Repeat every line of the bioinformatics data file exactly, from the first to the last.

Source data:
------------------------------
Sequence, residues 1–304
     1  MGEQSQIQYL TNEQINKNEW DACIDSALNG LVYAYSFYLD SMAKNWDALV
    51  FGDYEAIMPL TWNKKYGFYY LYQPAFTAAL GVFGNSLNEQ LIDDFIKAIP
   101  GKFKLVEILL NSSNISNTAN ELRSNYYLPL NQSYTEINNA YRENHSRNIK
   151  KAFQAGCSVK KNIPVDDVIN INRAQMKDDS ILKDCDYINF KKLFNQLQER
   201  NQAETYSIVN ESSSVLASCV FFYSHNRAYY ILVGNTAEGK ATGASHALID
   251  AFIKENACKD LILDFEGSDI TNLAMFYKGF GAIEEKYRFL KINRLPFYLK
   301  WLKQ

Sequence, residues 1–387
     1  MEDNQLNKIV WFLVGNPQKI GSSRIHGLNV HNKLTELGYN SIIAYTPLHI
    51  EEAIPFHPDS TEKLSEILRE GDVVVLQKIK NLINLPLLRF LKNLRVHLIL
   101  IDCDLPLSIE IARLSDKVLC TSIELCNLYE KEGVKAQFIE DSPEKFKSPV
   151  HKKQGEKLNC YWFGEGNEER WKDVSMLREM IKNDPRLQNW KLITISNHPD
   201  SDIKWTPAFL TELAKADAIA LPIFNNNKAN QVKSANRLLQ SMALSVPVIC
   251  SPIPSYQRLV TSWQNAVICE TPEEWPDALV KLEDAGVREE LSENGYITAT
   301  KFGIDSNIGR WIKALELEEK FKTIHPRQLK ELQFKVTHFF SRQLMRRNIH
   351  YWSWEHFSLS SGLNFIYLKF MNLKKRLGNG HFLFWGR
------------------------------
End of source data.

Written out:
Sequence, residues 1–304
     1  MGEQSQIQYL TNEQINKNEW DACIDSALNG LVYAYSFYLD SMAKNWDALV
    51  FGDYEAIMPL TWNKKYGFYY LYQPAFTAAL GVFGNSLNEQ LIDDFIKAIP
   101  GKFKLVEILL NSSNISNTAN ELRSNYYLPL NQSYTEINNA YRENHSRNIK
   151  KAFQAGCSVK KNIPVDDVIN INRAQMKDDS ILKDCDYINF KKLFNQLQER
   201  NQAETYSIVN ESSSVLASCV FFYSHNRAYY ILVGNTAEGK ATGASHALID
   251  AFIKENACKD LILDFEGSDI TNLAMFYKGF GAIEEKYRFL KINRLPFYLK
   301  WLKQ

Sequence, residues 1–387
     1  MEDNQLNKIV WFLVGNPQKI GSSRIHGLNV HNKLTELGYN SIIAYTPLHI
    51  EEAIPFHPDS TEKLSEILRE GDVVVLQKIK NLINLPLLRF LKNLRVHLIL
   101  IDCDLPLSIE IARLSDKVLC TSIELCNLYE KEGVKAQFIE DSPEKFKSPV
   151  HKKQGEKLNC YWFGEGNEER WKDVSMLREM IKNDPRLQNW KLITISNHPD
   201  SDIKWTPAFL TELAKADAIA LPIFNNNKAN QVKSANRLLQ SMALSVPVIC
   251  SPIPSYQRLV TSWQNAVICE TPEEWPDALV KLEDAGVREE LSENGYITAT
   301  KFGIDSNIGR WIKALELEEK FKTIHPRQLK ELQFKVTHFF SRQLMRRNIH
   351  YWSWEHFSLS SGLNFIYLKF MNLKKRLGNG HFLFWGR